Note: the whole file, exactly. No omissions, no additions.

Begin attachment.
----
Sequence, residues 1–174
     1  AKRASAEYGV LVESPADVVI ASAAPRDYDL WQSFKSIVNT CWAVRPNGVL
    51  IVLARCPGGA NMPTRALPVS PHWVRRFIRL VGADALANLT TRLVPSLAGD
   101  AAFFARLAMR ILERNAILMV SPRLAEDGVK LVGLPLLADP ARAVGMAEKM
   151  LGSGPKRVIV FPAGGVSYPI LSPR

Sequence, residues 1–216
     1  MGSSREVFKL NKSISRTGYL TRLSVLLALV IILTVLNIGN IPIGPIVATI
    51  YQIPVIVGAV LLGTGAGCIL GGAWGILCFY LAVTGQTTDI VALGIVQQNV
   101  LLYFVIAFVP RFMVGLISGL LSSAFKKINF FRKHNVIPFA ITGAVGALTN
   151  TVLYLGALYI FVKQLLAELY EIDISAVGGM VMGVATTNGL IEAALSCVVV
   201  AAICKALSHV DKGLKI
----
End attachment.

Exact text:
Sequence, residues 1–174
     1  AKRASAEYGV LVESPADVVI ASAAPRDYDL WQSFKSIVNT CWAVRPNGVL
    51  IVLARCPGGA NMPTRALPVS PHWVRRFIRL VGADALANLT TRLVPSLAGD
   101  AAFFARLAMR ILERNAILMV SPRLAEDGVK LVGLPLLADP ARAVGMAEKM
   151  LGSGPKRVIV FPAGGVSYPI LSPR

Sequence, residues 1–216
     1  MGSSREVFKL NKSISRTGYL TRLSVLLALV IILTVLNIGN IPIGPIVATI
    51  YQIPVIVGAV LLGTGAGCIL GGAWGILCFY LAVTGQTTDI VALGIVQQNV
   101  LLYFVIAFVP RFMVGLISGL LSSAFKKINF FRKHNVIPFA ITGAVGALTN
   151  TVLYLGALYI FVKQLLAELY EIDISAVGGM VMGVATTNGL IEAALSCVVV
   201  AAICKALSHV DKGLKI